By Sabirah Mustafa
Harlem Renaissance poet Langston Hughes asked the question,”what happens to a dream deferred?”
“Does it dry up like a raisin in the sun?,” goes his famous poem Harlem, “or does it explode?”
The dream of quality mental health care for many under served groups, including Native Americans, has been deferred too long.
Janet King is one woman working to resolve some of those disparities in care, and make the dream of improved mental health and the well-being for Native Americans a reality at the Native American Health Center in Oakland.
King, 55, works in the Community Wellness Department as the Project Director of the Children’s Trauma Grant, and her duties keep her very busy as she constantly responds to staff inquiries or her ringing cell phone tucked tightly in her pocket.
“Interruptions help me clear my thoughts,” she says, the corners of her small azure eyes crinkling as she smiles and relaxes her shoulders.
King has plenty to smile about. She’s just finished a large report for the NAHC bringing to light health care disparities among Native Americans in California.
The California Reducing Disparity Report (CRDP) is a major first step because it suggests ways to close some of those treatment gaps. It was created in response to the Department of Mental Health’s statewide initiative to improve access, quality of care, and increase positive outcomes for
Native Americans. Since 1972, the NHRC has worked hard to achieve these goals as a community-based organization.
The health center provides a full range of clinical medical services including pediatrics, women’s health care, teen health care, adult medicine, and perinatal.
The clinic also promotes self-care beyond clinical visits, which include offering a traditional Native American medicine person and healing circles, in addition to parenting classes, a relapse correction class and a woman’s support group.
NAHC is dedicated primarily to offering Native Americans care that is aligned with their cultural traditions. But many community members that visit the clinic are non-Native. Many Latinas visit The Woman’s Support Group. The Women Infant and Child (WIC) class – which provides food vouchers and nutrition counseling – has mostly Vietnamese women, and there are many Tongans in the pre-natal program.
Still, King sees the clinic as particularly vital to the East Bay’s Native communities. “Native Americans will not go to other places if they don’t go here,” King believes. She says that
Native Americans commonly choose traditional mental health rooted in their communities’ traditions which embraces the whole self, like Two Spirit Pow Wows and Healing Circles and Gatherings, which aren’t typically offered in traditional medicine. Or the youth, who participate in the Gathering of Native Americans, popularly known as GONAs, which empower them through decision-making.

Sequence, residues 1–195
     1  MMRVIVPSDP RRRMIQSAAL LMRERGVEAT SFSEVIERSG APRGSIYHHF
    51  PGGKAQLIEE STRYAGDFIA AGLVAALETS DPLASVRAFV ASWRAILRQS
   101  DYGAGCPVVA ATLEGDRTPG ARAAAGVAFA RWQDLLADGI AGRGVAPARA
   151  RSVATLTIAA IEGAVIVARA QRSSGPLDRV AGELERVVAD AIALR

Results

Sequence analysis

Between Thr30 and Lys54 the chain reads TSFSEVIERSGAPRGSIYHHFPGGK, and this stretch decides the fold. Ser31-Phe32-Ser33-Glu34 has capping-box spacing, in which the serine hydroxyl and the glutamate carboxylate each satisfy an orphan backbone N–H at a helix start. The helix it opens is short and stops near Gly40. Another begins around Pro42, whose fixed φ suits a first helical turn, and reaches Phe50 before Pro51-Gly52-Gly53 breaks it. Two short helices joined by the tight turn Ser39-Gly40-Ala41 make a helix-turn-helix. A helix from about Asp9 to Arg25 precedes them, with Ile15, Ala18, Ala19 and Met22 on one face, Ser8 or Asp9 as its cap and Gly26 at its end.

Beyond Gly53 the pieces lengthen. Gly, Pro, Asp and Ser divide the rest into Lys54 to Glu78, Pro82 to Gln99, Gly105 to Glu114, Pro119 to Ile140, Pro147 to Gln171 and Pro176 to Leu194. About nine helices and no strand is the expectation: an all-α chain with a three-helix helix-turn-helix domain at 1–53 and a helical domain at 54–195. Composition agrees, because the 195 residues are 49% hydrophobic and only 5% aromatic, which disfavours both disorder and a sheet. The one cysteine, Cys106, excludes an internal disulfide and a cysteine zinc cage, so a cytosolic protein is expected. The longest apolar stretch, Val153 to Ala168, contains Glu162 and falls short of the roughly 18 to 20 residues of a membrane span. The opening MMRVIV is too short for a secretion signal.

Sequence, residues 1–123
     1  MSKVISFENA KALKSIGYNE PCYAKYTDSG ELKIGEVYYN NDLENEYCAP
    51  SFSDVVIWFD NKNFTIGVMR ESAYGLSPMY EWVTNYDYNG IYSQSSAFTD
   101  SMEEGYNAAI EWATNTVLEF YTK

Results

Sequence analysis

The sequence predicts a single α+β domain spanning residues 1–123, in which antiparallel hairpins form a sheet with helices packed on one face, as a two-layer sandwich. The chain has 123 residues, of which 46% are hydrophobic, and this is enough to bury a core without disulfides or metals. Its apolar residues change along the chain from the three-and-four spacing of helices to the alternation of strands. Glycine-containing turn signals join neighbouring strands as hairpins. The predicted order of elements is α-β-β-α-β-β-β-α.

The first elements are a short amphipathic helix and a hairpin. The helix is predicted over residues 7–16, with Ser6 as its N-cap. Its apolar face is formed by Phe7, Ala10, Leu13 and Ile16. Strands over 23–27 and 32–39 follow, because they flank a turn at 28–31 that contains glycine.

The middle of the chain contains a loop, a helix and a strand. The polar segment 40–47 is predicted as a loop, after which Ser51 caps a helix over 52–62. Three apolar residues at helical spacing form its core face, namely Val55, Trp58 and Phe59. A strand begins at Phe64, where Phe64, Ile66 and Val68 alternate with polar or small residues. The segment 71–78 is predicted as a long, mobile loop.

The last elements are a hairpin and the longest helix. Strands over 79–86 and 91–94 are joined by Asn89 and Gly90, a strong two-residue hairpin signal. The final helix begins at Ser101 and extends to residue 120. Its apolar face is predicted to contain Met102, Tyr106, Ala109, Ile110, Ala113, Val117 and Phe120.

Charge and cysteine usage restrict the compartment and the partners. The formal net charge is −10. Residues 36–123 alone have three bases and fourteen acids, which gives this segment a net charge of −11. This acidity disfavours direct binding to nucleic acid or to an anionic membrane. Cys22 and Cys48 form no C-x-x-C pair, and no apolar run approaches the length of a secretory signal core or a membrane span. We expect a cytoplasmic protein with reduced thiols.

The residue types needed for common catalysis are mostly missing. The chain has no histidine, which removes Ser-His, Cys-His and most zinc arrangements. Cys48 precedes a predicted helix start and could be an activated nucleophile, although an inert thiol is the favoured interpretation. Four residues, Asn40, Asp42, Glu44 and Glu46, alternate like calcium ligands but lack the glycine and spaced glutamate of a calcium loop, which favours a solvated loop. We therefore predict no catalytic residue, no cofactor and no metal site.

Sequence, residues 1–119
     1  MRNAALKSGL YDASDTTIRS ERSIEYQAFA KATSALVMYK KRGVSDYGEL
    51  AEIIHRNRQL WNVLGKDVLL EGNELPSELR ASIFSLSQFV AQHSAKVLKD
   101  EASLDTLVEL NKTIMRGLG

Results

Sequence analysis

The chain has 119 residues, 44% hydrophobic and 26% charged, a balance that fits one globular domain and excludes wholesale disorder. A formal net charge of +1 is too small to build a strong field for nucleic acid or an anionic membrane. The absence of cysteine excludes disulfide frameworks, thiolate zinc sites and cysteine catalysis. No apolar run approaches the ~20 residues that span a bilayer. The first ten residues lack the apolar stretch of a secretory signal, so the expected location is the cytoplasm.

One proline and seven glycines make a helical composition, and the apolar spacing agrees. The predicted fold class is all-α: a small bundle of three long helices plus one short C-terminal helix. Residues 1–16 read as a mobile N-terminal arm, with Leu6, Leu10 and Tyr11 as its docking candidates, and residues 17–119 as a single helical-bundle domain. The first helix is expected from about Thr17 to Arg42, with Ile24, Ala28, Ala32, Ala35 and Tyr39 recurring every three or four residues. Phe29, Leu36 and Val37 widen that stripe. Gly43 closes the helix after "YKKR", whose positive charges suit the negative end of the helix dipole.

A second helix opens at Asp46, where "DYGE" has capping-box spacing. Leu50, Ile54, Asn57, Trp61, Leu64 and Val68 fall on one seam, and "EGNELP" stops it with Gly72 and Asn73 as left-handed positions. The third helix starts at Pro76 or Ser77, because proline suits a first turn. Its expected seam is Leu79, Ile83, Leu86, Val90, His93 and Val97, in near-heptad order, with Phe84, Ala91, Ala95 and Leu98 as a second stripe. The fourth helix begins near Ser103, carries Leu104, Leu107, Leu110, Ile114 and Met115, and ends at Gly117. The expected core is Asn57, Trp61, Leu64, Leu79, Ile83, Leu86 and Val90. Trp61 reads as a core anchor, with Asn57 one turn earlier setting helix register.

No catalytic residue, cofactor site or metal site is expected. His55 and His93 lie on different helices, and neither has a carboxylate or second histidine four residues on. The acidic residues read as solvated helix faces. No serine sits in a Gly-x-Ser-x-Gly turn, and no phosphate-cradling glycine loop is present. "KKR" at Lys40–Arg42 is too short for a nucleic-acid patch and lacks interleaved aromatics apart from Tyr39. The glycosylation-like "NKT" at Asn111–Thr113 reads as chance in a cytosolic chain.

King, an Oakland resident since 1976, facilitates a grief and loss group. She is empathetic and understands the unique decisions community members have to make in deciding between clinical or non-clinical services.
Many Native Americans in East Oakland choose not to use the clinic, and King thinks that is partly because the clinic doesn’t have a large staff and gets a lot of help from interns, so it’s not able to see patients as quickly as other facilities. King says there is a great need to find qualified Native American practitioners who can provide these services.
Also, NAHC’s staff rotates frequently, and some individuals don’t like telling their stories over and over again to different people. Consumers rely on the groups for mutual support and guidance. “They become family to each other. They’re dealing with a lot of grief and loss. Every time they change counselors, it’s a loss,” King adds.
Understanding the needs of the community in order to improve access, quality of care, and increase positive outcomes is a central role for community leaders like King in seeking to close health care disparity gaps.
She says that the US Census
under reports the size of the Native American population nationally, so those communities effectively become invisible to policy makers who base funding decisions on population size.
Also, some people believe Native Americans don’t need funding or any money at all because they all have wealth from operating casinos.
King explained that, until now, Native Americans were not often mentioned in mental health discussions and so the data on Natives was incomplete, obsolete, or non-existent.
The CRDP report is a unique opportunity to present these discussions in a public forum. It calls for emphasizing Native American cultural practices in all mental health services throughout California. King emphasizes that Native American communities need to heal from historical trauma, she says, and “culture heals.”
In its focus on providing traditionally-based health care services, the NAHC is already doing a lot of what the report calls for.
Of course, funding for these practices, as mentioned in the report, is crucial in order to continue and expand these practices to other non-Native American ethnic groups that utilize their services as well.
As the Native American Health Center and similar organizations continue to evaluate, customize, and listen to what communities want, the report will hopefully become more than just an opportunity to improve lives, but more personally, for King, a fulfillment of a dream.